Rev. James Gisborne, Barton-underNeedwood Perpet. Curacy, Staffordshire. Rev. George Ingram Fisher, B.A. son of Dr. Fisher, of Bath, Winfrith R. Dorset. Rev. A. Atherley, Heavitree V. Devonshire, vice Barns, dec.
Rev. James Johnson, M. A. Byford R. and Bridge Sollers V. Herefordshire.
Rev. Frederick Leathes, B. A. Great and Little Livermere RR. Cambridgeshire.
Rev. James Bullock, M. A. Grendon Bishop's Perpetual Curacy, Herefordshire.
Aug. 10. At the Rectory of Wesber, the wife of the Rev. Wm. Williamson, a son.-16. At Birthington, Thanet, the wife of Lieut. Bolton, R.N. a son and heir. GENT. MAG. October, 1820.
Sept. 22. At Bourn Hall, Cambridgeshire, the Countess De La Warr, a son.— 23. At Yester, the Marchioness of Tweedale, a daughter.-25. At the Vicarage,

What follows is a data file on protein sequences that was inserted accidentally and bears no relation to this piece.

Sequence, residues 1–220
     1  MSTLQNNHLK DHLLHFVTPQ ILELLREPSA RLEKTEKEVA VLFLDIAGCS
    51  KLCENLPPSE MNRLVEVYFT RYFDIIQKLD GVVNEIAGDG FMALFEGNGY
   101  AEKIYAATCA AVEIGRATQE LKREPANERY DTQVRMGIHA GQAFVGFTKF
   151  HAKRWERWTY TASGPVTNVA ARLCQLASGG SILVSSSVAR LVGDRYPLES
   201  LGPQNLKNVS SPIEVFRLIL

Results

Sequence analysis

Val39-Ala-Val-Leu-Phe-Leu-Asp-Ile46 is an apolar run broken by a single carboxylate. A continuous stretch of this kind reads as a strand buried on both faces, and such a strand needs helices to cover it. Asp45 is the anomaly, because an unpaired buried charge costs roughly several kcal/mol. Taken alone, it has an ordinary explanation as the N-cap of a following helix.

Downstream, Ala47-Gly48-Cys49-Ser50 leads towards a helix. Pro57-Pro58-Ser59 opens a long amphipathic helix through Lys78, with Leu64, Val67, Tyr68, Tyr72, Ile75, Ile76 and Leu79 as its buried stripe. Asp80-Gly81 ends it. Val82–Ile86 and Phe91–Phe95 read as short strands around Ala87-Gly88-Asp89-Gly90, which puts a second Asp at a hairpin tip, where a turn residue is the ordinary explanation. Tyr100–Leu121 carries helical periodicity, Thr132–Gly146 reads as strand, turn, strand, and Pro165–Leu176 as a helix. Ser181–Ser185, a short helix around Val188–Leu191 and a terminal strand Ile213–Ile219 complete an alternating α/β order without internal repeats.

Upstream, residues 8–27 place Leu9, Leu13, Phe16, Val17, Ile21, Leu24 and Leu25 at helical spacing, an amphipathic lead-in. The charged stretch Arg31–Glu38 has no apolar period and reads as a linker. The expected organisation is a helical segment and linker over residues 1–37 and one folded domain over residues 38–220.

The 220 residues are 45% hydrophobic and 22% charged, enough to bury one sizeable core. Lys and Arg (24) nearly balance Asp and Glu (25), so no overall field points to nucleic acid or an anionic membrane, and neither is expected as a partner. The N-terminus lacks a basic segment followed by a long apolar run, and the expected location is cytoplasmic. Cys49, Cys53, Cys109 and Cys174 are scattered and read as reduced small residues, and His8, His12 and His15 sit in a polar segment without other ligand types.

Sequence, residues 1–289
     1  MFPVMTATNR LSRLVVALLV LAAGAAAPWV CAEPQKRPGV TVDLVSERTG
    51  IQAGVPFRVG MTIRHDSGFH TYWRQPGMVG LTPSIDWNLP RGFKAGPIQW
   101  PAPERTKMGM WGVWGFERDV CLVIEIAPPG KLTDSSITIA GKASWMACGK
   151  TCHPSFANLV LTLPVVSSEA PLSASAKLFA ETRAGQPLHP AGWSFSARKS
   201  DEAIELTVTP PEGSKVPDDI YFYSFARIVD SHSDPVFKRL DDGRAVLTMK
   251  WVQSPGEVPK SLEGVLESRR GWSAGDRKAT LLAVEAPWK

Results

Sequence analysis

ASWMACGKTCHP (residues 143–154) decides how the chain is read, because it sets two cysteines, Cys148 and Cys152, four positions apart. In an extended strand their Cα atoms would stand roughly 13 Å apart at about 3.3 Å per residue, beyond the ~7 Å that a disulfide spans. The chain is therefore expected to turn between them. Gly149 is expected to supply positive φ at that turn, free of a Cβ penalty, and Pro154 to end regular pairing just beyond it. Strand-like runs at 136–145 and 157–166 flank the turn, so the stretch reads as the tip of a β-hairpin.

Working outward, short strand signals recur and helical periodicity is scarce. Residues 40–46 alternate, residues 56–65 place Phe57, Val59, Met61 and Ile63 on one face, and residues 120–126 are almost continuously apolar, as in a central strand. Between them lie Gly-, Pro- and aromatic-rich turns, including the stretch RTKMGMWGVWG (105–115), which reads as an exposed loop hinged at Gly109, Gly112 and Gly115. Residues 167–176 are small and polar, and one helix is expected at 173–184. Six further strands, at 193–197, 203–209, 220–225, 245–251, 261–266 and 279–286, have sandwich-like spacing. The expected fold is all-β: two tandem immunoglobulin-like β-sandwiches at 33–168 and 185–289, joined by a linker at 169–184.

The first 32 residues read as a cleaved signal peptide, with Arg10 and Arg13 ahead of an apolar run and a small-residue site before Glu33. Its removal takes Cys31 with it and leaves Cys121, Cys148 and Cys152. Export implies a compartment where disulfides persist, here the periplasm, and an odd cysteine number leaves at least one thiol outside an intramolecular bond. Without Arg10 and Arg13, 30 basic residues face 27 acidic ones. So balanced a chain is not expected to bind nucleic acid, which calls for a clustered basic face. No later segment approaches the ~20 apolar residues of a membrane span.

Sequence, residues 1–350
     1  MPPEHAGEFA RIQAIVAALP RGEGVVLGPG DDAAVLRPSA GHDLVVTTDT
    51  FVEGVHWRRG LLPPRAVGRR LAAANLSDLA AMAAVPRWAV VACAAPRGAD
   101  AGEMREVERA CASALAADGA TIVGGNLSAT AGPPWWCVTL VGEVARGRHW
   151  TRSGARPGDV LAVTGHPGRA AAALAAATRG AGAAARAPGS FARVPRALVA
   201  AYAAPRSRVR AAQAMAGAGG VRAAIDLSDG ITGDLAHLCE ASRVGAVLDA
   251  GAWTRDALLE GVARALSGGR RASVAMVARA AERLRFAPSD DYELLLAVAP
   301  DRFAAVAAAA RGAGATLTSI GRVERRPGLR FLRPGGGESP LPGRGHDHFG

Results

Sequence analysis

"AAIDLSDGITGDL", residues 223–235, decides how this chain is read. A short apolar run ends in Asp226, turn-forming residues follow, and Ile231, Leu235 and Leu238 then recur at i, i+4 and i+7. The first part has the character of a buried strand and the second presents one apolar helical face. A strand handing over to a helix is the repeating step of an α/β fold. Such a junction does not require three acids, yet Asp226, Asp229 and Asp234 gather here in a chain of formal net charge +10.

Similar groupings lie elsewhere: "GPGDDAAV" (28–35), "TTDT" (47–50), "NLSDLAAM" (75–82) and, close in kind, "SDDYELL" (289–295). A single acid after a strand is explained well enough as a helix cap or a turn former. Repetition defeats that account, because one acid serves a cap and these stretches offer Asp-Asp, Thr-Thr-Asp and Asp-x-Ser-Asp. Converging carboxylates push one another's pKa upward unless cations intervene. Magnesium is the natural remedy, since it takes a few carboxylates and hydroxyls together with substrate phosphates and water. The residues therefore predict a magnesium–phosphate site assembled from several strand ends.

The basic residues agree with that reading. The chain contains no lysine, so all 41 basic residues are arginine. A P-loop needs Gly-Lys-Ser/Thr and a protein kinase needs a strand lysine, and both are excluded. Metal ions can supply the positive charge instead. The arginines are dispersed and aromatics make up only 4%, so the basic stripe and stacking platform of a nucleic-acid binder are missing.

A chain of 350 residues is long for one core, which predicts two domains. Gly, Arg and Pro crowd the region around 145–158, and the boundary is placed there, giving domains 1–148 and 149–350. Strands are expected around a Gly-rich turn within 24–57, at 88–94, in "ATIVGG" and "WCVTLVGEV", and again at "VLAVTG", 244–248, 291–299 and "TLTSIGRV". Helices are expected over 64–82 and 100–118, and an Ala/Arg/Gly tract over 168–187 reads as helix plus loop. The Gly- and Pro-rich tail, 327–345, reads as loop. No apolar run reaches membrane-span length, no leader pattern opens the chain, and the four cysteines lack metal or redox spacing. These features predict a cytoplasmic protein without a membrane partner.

Dudley, the wife of the Rev. Dr. Booker, a daughter.-26. The wife of Ralph Bernal, esq. M. P. a daughter.-27. At Bedale, Yorkshire, the Lady of Rear Admiral Sir J. P. Beresford, bart. a son.-28. In Luton Park, the Lady Jas. Stuart, a daughter.
Oct. 5. The Lady of Sir George Sitwell, bart. of Renishaw Hall, Derbyshire, a son and heir.-7. In Chesterfield-street, May Fair, the wife of Capt. John Bastard, R.N. M.P. a son.-The Lady of Sir Rich. M'Pherson, bart. a daughter.-8. In Grafton-street, Lady Ridley, a daughter.-11.
At Scotter, the wife of the Rev. Henry John Wollaston, a son.-12. At Waresly Park, Hunts, the Lady of the Hon. Orlando Bridgeman, a son-15. At Clumber, the Duchess of Newcastle, a son.— 21. At Chelsea, the wife of Rev. Weeden Butler, M.A. a dau.; being their seventh child living.
Lately. At Birchington House, Thanet, the wife of Francis Neame, esq. a dau.At the Rectory House of Hawarden, Flintshire, Lady Charlotte Neville, a daughter. -The wife of Edward Wigan, esq. of Highbury Place, a dau. since dead.